Class Act began 30 years ago over hot fudge sundaes when Estelle Florey Carter and Joy Holland Coleman decided to start a volunteer tap dance group. Mary Sue Thornton joined them to form the company, and the group is still tapping away in their sparkly shoes.
Class Act is a service organization of up to 40 women who perform tap dancing shows for free. The women put on more than 150 performances annually for a wide array of audiences. They dance at conventions, private and civic events, nursing and retirement homes, and senior centers throughout the area, including the Park Cities and Preston Hollow.
Currently, there are 36 members who range in age from 57 to 84 years old. Carter and Thornton co-direct the troupe.
Previous dance experience is not required to become a member. In fact, only a few members have professionally danced.
“The stories of how people start tapping and when and how many years, it’s just amazing, it’s so diverse,” Thornton said. “Some have tapped all their lives and some started in their seventies.”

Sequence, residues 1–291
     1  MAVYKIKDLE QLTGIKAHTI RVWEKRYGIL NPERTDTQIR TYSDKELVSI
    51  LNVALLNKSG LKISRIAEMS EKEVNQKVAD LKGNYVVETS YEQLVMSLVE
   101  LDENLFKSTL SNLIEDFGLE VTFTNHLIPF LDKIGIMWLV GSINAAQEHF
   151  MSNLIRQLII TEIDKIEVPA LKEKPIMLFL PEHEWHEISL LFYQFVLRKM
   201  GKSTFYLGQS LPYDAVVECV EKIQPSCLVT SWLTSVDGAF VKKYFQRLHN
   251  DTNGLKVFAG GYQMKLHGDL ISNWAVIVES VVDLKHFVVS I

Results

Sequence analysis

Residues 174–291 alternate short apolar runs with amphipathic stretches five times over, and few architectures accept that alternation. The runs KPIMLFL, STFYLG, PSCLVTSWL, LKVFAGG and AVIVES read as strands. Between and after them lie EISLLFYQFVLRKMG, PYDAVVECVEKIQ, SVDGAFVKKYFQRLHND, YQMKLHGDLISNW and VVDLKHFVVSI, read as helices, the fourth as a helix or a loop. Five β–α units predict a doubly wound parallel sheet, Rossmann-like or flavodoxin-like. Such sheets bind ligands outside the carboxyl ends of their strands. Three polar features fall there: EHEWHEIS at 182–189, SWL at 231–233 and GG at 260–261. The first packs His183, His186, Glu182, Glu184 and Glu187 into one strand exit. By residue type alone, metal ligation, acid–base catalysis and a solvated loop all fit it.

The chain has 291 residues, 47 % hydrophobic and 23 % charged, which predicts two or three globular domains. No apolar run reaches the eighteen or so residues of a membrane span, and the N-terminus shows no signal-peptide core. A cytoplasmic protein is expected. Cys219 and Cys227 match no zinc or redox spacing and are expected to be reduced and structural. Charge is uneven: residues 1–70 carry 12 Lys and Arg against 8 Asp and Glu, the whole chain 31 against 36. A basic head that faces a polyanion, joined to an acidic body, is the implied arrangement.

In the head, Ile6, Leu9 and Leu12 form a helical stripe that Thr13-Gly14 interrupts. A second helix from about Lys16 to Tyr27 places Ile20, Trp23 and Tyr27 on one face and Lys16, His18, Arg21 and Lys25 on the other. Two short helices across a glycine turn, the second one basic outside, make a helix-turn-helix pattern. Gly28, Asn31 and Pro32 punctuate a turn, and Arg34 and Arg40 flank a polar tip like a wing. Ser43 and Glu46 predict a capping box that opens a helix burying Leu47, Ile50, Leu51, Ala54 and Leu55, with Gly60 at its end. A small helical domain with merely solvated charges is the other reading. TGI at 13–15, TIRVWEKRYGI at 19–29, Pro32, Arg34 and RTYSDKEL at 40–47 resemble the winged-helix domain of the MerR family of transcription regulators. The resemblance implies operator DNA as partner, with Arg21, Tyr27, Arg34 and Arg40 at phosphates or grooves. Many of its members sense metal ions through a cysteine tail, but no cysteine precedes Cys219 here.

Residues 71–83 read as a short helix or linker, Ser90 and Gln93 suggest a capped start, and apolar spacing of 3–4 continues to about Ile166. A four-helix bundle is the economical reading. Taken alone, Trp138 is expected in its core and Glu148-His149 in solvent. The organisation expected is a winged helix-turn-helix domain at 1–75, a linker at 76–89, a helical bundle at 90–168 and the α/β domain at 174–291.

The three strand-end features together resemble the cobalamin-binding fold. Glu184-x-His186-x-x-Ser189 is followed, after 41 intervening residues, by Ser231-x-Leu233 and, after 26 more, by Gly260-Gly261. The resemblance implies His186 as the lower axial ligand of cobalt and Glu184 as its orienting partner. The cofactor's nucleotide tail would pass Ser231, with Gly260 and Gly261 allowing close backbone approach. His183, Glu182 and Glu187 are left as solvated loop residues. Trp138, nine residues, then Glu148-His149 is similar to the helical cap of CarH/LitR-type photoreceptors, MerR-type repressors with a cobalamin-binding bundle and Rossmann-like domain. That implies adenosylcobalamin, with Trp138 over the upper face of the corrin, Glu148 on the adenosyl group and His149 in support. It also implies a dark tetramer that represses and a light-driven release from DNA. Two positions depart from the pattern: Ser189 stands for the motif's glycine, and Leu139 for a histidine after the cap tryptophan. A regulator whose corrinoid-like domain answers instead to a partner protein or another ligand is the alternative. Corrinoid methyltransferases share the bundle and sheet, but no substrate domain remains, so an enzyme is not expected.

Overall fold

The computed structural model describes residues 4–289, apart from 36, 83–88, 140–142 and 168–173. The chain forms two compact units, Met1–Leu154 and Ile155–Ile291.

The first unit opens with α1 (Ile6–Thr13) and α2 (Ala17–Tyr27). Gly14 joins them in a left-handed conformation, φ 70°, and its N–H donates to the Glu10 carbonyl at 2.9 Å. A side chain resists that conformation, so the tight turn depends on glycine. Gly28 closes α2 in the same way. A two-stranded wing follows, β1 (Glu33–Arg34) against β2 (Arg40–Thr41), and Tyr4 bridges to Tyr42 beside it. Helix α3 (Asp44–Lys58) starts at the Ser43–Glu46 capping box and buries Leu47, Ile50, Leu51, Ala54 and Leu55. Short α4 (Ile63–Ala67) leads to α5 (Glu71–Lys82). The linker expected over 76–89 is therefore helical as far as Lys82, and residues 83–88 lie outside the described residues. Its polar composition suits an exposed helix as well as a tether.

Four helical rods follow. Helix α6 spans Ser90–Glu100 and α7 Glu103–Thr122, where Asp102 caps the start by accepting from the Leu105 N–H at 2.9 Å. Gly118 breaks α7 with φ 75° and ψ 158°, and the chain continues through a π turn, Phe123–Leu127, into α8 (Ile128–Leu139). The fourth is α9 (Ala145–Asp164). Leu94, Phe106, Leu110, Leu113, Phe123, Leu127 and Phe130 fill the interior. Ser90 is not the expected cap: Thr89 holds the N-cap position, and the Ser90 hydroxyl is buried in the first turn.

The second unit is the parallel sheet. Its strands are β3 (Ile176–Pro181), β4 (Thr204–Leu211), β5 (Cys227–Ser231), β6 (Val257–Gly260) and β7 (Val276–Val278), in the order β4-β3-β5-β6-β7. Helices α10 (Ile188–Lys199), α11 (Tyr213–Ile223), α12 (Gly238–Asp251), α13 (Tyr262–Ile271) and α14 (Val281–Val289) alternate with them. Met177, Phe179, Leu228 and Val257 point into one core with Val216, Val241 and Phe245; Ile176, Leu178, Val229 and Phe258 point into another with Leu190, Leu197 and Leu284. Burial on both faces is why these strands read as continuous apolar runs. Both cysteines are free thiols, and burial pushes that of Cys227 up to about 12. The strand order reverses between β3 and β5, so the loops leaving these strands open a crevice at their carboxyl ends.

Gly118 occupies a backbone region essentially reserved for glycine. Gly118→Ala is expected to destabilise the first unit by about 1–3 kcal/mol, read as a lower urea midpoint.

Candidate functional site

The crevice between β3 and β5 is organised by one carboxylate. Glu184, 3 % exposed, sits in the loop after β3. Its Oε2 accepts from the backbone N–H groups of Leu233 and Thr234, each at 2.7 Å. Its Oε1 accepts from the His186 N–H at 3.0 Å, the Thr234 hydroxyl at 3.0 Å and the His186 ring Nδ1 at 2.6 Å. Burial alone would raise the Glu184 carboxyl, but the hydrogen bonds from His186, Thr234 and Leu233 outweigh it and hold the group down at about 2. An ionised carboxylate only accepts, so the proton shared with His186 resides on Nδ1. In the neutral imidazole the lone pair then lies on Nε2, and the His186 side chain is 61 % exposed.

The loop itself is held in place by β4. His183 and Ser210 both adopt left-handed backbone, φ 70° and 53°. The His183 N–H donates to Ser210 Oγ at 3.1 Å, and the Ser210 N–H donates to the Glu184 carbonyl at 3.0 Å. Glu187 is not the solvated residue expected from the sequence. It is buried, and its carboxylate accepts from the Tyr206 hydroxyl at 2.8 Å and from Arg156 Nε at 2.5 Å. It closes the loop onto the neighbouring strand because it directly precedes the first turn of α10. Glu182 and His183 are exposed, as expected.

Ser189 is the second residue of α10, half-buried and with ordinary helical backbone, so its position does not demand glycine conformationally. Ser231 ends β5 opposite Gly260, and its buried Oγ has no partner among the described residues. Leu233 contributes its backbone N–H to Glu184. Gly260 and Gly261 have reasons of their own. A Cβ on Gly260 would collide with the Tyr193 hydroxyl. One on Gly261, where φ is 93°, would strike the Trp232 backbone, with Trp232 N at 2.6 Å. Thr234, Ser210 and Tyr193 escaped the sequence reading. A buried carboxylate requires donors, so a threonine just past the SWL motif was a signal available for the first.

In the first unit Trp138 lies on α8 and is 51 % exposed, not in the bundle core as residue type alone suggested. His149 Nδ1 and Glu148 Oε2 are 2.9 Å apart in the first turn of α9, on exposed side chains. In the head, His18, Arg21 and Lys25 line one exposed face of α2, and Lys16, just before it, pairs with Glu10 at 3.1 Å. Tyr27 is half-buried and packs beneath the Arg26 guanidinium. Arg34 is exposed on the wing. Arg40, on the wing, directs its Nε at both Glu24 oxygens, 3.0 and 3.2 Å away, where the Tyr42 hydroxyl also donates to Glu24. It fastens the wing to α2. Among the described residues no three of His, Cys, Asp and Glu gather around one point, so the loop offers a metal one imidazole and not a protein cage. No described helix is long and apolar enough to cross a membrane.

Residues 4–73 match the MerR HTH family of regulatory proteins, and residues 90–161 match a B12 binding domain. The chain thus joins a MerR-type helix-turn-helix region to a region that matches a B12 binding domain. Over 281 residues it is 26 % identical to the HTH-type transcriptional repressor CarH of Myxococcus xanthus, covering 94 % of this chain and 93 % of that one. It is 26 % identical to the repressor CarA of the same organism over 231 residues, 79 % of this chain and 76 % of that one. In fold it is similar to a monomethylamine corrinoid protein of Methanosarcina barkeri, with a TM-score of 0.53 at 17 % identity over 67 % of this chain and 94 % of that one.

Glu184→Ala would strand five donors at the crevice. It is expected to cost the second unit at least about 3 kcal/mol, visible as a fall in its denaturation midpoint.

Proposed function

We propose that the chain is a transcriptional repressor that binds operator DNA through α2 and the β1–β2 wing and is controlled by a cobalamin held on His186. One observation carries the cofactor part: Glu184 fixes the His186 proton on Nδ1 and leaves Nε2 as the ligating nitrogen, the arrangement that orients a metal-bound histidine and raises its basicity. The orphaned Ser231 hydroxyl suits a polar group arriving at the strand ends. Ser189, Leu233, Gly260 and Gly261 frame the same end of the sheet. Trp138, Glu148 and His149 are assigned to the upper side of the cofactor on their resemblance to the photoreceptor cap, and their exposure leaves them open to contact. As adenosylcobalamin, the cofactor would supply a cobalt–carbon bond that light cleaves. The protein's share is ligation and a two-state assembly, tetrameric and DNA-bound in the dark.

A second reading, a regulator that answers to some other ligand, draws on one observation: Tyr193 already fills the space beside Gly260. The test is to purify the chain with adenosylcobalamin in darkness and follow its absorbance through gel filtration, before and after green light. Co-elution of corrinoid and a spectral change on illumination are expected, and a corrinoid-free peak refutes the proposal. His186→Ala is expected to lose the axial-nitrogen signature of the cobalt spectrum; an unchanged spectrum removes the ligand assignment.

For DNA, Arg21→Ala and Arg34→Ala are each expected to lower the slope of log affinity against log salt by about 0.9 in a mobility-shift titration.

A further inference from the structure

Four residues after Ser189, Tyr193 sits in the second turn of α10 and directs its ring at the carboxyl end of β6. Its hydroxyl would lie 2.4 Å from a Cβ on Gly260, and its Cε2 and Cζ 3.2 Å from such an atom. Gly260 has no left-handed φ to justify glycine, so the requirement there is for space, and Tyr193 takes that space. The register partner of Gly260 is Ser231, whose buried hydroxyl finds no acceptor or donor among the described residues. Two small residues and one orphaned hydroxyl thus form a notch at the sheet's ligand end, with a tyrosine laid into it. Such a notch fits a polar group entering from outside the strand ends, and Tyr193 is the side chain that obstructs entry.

Members new to tap dancing are encouraged to take lessons. Carter and Thornton teach the routines so all members are able to perform. Nobody is required to do every scheduled show, but everyone is expected to dance at least once a month.
Thornton said the group gives their time, talents, and energy at a lot of places nobody else goes. Their favorites are nursing homes and senior centers. Carter chooses music and routines that are recognizable for the audiences.
“The music really touches them and the sparkle of the costumes, the glitter, the sequins. They really come alive,” Thornton said.
Carter and Thornton have many fond memories from performing at nursing homes, one in particular about a man who had not walked in years, but stood up from his wheelchair to shake the Class Act’s members’ hands after their performance.
The joy that is spread when Class Act performs does not stop with the audience. Lasting friendships have been formed among the members. Besides tap dancing, members often plan outings and gatherings outside of the studio.
Barbara Frank, who joined Class Act almost 20 years ago, said, “We are a real sisterhood.”
Carter said it gives them something to live for and it is something that keeps them going.
“We are not typical for our age,” Thornton said.